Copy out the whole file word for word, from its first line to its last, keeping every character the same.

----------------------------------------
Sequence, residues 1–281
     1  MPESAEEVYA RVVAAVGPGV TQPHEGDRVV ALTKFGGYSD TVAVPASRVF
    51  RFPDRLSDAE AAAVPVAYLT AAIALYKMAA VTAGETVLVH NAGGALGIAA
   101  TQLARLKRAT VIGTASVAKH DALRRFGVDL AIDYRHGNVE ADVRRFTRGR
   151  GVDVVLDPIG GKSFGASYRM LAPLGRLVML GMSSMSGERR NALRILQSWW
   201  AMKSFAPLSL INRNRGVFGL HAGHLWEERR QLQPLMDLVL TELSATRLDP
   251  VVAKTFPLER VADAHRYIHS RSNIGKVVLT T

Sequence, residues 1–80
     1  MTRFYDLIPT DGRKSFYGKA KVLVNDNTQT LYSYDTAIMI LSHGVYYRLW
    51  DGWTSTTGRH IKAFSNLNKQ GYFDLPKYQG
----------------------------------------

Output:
Sequence, residues 1–281
     1  MPESAEEVYA RVVAAVGPGV TQPHEGDRVV ALTKFGGYSD TVAVPASRVF
    51  RFPDRLSDAE AAAVPVAYLT AAIALYKMAA VTAGETVLVH NAGGALGIAA
   101  TQLARLKRAT VIGTASVAKH DALRRFGVDL AIDYRHGNVE ADVRRFTRGR
   151  GVDVVLDPIG GKSFGASYRM LAPLGRLVML GMSSMSGERR NALRILQSWW
   201  AMKSFAPLSL INRNRGVFGL HAGHLWEERR QLQPLMDLVL TELSATRLDP
   251  VVAKTFPLER VADAHRYIHS RSNIGKVVLT T

Sequence, residues 1–80
     1  MTRFYDLIPT DGRKSFYGKA KVLVNDNTQT LYSYDTAIMI LSHGVYYRLW
    51  DGWTSTTGRH IKAFSNLNKQ GYFDLPKYQG